The writing on Kojak is better too. Starsky & Hutch have a worrying amount of cases brought to them by their girlfriends; and no matter how serious the episode, it always ends with a tacked-on laughing scene, usually with everybody sitting around in Hutch's living room. Sometimes he even gets his guitar out, and they have a sing along as well as a laugh. It's a fun show, and in its way it's perfectly enjoyable, but the last three to five minutes are often best skipped.

Oh dear. I like the show really. As a fan of The A-Team, and goodness knows what else in the ridiculous violence genre, I shouldn't be having a problem with any of this. It's just the contrast with Kojak, I think. I've gone from careful, considered policing, and well-written, layered plots, to tyre-screeching nonsense with ridiculous shoot outs. I like ridiculous shoot outs! Kojak has made me sensible. I can only hope that it wears off soon.

Meanwhile, the seventies are continuing in their usual vein. Oh the joys of period decor. I don't think I've seen anything worse than on The Hardy Boys yet, but they're giving it their best shot:

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swordznsorcery: (paradox)
( Aug. 25th, 2014 19:30)
Interesting one here. A short film (twenty minutes), posted on the net by its creator. Legal films on the internet?! Whatever next! It's about a boy whose father yearns to be an astronaut, and it stars Siobhan Redmond (Between The Lines, The High Life, Bulman) and Emun Elliott (Paradox, The Paradise, Los Malvados (cough)). It's odd, but in a good way.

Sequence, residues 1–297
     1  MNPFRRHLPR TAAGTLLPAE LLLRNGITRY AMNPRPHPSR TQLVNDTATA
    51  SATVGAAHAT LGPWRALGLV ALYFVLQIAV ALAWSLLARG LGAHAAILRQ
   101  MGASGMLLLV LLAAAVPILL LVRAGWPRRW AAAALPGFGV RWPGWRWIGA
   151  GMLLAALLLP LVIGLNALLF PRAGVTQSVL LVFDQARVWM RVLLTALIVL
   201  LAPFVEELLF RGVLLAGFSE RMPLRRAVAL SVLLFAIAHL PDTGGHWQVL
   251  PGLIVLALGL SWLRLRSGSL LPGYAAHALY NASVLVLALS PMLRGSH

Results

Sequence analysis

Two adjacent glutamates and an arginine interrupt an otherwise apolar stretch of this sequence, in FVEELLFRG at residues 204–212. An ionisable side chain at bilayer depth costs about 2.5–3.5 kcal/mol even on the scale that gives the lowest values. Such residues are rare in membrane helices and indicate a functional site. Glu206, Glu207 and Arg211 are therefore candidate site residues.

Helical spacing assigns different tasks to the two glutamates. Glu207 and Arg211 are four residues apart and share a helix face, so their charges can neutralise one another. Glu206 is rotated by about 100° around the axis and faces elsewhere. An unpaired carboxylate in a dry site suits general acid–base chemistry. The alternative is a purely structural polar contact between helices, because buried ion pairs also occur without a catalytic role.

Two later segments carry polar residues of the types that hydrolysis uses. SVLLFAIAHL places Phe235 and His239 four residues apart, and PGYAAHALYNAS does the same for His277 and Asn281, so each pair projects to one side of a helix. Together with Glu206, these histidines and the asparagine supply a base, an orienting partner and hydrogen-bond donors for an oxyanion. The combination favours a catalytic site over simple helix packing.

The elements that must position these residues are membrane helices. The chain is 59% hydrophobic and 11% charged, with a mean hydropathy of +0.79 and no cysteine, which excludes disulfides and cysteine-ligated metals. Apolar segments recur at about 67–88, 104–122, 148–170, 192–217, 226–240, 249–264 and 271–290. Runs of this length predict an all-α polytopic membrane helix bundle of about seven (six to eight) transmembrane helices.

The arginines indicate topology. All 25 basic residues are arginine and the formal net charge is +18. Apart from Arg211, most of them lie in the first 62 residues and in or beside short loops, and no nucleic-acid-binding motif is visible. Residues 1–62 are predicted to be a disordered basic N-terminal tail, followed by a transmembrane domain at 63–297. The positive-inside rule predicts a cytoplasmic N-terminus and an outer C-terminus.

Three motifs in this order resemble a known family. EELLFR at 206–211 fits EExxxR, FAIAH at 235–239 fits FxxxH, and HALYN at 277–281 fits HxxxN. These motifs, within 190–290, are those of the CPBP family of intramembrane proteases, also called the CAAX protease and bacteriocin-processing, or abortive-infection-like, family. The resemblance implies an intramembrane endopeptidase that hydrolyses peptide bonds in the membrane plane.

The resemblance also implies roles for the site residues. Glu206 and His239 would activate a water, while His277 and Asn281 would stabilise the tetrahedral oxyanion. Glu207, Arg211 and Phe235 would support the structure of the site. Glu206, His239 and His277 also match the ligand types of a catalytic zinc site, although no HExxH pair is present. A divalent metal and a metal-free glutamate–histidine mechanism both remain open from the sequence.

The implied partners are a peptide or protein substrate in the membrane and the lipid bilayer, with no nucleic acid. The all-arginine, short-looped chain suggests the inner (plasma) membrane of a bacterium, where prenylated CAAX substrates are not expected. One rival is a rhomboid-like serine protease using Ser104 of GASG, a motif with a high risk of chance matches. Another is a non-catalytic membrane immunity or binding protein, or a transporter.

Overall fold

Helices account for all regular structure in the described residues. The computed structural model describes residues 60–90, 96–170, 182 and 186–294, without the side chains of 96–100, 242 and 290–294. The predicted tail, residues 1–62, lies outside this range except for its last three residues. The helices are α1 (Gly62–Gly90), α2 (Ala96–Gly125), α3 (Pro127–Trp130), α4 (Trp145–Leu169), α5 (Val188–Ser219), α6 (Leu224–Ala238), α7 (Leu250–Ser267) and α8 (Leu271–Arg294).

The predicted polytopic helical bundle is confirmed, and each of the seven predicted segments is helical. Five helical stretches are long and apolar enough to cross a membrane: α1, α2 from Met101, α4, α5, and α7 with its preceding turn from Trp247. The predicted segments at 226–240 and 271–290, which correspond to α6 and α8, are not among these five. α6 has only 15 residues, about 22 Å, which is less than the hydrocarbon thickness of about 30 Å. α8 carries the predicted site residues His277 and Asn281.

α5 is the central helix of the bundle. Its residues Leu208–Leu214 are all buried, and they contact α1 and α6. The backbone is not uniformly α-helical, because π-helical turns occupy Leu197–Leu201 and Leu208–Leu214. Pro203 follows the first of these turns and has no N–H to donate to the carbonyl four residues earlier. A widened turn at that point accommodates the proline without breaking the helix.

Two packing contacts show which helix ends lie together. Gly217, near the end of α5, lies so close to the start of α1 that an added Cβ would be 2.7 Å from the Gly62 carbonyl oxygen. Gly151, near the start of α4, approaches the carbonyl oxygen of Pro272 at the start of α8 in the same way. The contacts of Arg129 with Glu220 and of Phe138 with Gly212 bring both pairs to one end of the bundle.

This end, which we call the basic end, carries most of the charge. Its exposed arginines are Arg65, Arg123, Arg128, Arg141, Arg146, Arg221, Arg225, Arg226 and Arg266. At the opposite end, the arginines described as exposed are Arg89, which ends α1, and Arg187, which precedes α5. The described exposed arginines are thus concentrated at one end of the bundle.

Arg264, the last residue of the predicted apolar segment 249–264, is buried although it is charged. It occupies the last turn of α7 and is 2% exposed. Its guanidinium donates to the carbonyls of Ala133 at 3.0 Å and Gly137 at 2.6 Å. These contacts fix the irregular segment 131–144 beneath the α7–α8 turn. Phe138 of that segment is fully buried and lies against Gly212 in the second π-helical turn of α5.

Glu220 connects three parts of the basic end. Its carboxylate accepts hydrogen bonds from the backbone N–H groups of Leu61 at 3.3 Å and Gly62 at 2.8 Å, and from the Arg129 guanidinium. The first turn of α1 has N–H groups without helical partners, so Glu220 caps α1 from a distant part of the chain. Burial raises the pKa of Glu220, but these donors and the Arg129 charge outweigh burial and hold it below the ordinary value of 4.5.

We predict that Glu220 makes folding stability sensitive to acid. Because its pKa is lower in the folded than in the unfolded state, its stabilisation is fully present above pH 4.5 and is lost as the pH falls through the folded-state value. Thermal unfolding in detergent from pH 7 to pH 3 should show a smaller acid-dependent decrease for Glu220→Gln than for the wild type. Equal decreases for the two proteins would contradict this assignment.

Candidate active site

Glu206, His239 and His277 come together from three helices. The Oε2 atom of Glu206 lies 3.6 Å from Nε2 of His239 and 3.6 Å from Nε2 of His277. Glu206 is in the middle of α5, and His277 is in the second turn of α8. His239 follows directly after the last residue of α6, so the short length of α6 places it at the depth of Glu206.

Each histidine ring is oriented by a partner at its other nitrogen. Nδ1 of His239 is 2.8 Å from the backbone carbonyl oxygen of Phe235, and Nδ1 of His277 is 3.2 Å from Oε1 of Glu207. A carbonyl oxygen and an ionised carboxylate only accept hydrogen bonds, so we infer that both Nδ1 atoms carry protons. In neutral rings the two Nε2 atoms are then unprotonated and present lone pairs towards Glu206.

Mission from Phase VI on Vimeo.


In other news, I watched the pilot of Starsky & Hutch, possibly for the first time. It's strange watching it, as it's basically all the bits from the opening credits, strung together with a bit of plot. And the wrong music. And the wrong Captain Dobie. And Starsky's hair is much too short. Pilots are weird that way. Nothing could be quite so weird as the Bonanza pilot, but it's always odd watching a familiar series testing itself out. Like The A-Team, when Face has the wrong head, or Kojak, which doesn't have Crocker in it, or Babylon 5, where everything looks like it's made out of cardboard, and G'Kar is a completely different shape.

In other other news, it's wet. And cold. Make it stop being wet and cold please. Thank you.
Woe is me, for I have run out of Kojak. Bloody television, always ending. I think I might watch some Rockford Files next, partly because James Garner, and partly because I'm rather enjoying the seventies, and don't want to leave just yet. The paint is terrible, the wallpaper is worse, but all the same there's something welcoming about the seventies. Plots develop at a sensible pace, the editing isn't done by a crazed heroin addict, and there's absolutely no stupid wobble-cam or crash zooms. All of which serves to make me sound like a complete fuddy-duddy, but I don't care.

And I've run out of Kojak. I hate it when that happens. When you watch a show, you get used to the characters and enjoy their company; and then it ends and you have to move on to different people, when you'd rather still have the old. I'm going to miss Kojak. I'll miss Crocker and Stavros more, but I will miss Kojak too. He's such a pleasingly different sort of cop. For starters he's not a maverick. Oh, he's unconventional (what TV cop isn't?!), but he's a dyed in the wool teamplayer. No rushing off alone, no stupid solo ventures. I don't know if that was as much of a breath of fresh air in 1974 as it is now, but I've certainly enjoyed it. And it's all so entertainingly vintage. Kojak with his inkwell on his desk; and Crocker was wearing a brown tweed waistcoat with a pocket-watch today. Waistcoats with pocket-watches, people! That's proper dressing, that is. Although I'm amused by the idea that this naive young cop in 1974 should think so. He and Kojak really do appear to be sharing a wardrobe.